After Mitt Romney promised to aggressively crackdown against Chinese companies that cheat American businesses, the New York Times, along with other mainstream media organizations, have tried to paint Mitt Romney as a hypocrite by digging up companies in which Bain Capital has a stake. They conveniently ignoring that President Barack Obama also has investments in some of the exact same Chinese companies.
One company the Times highlights to try to paint Romney as a hypocrite on China is Sensata Technologies, a company that makes car sensors.
Except that is the same company in which Obama is invested, which is a rather inconvenient fact for the Times:
President Obama, a former Illinois state senator, has as much as $100,000 in a state retirement plan that contains shares of Sensata Technologies, the same auto parts company controlled by Bain that is closing its Illinois factory.
The Times still barrels ahead with its narrative by reporting Sensata bought a car sensor manufacturer in Illinois and is relocating the equipment and jobs to China. The narrative the Times is trying to advance is clear: Romney still has money invested in Bain, Bain has investments with Sensata, so Romney is responsible for the plant closing in Illinois:
Mr. Romney also has millions invested in a series of Bain funds that have a controlling stake in Sensata Technologies, a manufacturer of sensors and controls for vehicles, aircraft and electric motors that employs 4,000 workers in China. Since Bain took over the operation in 2006, its investment has quadrupled in value. Bain continues to own $2.6 billion worth of Sensata’s shares.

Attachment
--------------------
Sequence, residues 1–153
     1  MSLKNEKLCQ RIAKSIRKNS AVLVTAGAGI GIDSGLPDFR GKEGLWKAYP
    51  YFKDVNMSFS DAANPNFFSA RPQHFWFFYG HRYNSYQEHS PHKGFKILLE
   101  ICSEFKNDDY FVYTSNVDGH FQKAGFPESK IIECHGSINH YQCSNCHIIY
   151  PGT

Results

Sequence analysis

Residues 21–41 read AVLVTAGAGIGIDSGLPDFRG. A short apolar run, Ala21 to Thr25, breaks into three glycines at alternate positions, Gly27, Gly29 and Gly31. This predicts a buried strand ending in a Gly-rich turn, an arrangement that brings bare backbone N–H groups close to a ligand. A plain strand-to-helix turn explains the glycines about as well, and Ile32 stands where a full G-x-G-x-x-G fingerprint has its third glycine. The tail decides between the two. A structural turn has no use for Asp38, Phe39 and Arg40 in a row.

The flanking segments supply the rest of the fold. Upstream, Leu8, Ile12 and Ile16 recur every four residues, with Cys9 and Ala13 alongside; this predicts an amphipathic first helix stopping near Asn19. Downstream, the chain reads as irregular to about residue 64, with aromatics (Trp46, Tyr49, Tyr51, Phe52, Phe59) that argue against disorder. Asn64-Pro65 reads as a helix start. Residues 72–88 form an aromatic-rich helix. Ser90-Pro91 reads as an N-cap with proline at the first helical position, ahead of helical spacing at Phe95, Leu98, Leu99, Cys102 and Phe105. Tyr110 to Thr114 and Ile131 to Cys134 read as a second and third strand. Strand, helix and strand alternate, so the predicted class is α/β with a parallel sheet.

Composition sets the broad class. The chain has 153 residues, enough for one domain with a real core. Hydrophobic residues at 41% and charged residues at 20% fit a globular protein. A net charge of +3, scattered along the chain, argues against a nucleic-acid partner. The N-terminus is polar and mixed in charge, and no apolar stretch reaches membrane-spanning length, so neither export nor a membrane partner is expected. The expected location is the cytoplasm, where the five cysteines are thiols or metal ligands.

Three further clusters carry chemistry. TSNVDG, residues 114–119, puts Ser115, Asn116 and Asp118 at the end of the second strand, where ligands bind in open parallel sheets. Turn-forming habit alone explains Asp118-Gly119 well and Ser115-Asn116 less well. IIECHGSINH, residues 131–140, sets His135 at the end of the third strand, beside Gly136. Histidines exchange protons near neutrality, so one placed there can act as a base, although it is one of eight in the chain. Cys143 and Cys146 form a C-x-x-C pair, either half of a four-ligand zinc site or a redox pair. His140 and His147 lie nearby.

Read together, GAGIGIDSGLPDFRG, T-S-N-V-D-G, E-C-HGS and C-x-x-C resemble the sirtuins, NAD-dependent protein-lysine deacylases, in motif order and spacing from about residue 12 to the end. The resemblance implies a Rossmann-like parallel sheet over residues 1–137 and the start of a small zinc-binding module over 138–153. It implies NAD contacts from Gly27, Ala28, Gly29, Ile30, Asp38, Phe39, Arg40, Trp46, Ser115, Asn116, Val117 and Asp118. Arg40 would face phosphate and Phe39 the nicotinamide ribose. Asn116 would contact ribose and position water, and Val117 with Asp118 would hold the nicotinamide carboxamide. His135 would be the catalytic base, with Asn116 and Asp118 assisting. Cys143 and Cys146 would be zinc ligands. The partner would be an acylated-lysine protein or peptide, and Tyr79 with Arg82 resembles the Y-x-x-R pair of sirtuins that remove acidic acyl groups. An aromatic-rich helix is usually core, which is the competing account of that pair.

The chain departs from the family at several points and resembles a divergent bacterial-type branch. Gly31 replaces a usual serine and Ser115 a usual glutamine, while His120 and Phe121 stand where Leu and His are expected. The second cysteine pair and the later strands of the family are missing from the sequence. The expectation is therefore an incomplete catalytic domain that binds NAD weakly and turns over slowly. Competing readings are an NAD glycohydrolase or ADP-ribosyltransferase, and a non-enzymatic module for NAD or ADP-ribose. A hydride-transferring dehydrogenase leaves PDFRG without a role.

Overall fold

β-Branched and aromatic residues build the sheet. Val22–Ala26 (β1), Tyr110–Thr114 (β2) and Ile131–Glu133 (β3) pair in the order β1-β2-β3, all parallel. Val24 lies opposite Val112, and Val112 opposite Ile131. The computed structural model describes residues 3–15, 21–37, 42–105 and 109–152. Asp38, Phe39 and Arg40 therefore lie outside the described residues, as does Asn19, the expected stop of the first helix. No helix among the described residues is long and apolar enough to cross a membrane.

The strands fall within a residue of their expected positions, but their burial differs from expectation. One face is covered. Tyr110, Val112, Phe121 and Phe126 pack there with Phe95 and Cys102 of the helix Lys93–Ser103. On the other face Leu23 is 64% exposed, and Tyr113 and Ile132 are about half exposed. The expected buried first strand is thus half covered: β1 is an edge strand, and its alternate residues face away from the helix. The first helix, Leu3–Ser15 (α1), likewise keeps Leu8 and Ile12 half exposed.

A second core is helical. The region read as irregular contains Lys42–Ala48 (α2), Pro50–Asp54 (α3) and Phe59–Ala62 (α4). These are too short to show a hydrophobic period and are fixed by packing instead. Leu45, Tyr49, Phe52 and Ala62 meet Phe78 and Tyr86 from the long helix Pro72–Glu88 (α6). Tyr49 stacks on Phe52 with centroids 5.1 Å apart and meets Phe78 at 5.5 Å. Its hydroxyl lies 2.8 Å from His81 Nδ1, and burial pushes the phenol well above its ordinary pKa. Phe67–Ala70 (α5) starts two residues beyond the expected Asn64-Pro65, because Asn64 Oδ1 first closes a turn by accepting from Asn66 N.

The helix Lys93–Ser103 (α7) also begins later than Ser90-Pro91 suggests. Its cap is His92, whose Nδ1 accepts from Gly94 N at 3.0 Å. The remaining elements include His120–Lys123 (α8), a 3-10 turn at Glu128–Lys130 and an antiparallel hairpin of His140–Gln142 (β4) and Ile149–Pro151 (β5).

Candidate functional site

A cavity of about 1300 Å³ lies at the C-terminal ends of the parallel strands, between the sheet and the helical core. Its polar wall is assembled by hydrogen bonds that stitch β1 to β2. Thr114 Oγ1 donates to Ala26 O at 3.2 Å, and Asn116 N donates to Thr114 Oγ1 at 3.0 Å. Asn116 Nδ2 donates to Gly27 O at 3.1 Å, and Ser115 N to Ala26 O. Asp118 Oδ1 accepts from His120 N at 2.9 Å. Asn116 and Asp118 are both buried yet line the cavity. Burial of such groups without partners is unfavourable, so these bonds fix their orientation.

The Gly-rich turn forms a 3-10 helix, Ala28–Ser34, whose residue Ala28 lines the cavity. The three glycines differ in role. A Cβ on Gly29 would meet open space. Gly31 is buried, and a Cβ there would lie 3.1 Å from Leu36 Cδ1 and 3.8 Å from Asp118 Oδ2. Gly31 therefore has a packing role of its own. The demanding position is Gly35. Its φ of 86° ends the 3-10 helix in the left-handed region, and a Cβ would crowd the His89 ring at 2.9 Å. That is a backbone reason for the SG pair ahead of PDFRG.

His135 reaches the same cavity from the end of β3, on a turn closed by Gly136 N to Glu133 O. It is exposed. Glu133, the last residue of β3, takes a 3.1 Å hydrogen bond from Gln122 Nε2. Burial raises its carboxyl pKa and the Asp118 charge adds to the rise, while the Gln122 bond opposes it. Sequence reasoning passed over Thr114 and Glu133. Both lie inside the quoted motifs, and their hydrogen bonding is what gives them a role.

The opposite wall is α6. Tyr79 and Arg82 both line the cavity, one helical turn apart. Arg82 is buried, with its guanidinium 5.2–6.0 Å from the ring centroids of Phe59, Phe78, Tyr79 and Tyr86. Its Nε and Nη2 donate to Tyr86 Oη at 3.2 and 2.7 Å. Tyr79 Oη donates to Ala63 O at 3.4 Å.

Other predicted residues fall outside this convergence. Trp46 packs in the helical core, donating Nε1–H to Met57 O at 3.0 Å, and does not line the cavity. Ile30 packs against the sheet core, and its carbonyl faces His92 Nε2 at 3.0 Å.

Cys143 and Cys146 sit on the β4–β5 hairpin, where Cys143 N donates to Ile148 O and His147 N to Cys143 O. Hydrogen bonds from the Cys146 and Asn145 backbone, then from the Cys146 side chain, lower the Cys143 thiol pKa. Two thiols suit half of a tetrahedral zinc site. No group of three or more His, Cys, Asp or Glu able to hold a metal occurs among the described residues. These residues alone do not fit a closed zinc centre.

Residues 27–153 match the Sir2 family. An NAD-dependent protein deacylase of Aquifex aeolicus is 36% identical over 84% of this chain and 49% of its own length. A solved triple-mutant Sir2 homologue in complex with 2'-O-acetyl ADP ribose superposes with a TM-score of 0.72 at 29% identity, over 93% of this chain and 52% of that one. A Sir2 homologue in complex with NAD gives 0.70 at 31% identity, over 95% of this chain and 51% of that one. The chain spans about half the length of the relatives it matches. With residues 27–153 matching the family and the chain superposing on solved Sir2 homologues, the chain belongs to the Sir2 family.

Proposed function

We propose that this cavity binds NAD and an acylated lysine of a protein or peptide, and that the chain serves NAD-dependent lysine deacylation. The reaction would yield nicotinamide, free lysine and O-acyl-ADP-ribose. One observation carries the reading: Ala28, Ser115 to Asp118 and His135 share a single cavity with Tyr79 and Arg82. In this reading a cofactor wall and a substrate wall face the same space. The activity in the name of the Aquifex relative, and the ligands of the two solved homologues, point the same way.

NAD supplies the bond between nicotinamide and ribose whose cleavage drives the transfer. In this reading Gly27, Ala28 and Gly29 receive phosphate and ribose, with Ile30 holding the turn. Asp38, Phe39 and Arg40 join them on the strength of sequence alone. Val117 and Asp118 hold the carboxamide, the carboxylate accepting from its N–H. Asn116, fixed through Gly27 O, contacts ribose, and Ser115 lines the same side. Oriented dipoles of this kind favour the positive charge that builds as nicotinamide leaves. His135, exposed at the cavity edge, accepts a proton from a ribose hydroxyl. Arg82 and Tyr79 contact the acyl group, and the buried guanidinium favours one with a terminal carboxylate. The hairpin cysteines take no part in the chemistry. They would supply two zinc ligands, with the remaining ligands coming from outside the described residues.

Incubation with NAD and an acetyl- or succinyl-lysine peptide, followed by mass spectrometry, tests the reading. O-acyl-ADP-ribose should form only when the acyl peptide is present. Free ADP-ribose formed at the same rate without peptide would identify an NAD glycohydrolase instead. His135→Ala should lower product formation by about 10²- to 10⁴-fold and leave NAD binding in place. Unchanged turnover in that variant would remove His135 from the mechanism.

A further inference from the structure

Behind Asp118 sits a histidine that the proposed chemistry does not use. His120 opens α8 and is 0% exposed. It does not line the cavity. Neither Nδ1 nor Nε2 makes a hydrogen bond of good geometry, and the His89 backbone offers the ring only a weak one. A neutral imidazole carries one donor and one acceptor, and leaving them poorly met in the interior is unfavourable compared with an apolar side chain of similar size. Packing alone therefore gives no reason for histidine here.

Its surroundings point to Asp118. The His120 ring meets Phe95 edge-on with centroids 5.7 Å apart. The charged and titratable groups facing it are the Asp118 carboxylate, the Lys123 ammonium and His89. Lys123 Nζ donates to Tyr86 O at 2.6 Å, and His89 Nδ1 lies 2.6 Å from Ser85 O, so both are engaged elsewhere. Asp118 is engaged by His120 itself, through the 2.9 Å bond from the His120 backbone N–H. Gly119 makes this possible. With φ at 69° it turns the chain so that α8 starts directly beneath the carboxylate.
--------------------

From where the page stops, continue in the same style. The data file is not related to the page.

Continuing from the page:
The Times even interviews a worker at the plant who is asking Romney to stop the pending plant closing.
“This goes to show the unbelievable hypocrisy of this man,” the worker tells the Times. “He talks about how we need to get tough on China and stop China from taking our jobs, and then he is making money off shipping our jobs there.”
Many of the companies in the article -- like Sensata -- have been owned by Bain since 2010, long after Romney's tenure at the private equity firm. By this standard, Obama, of course, would be as liable as Romney in the "outsourcing" game for having a stake in the company. But the Times absolves Obama of all blame in the article.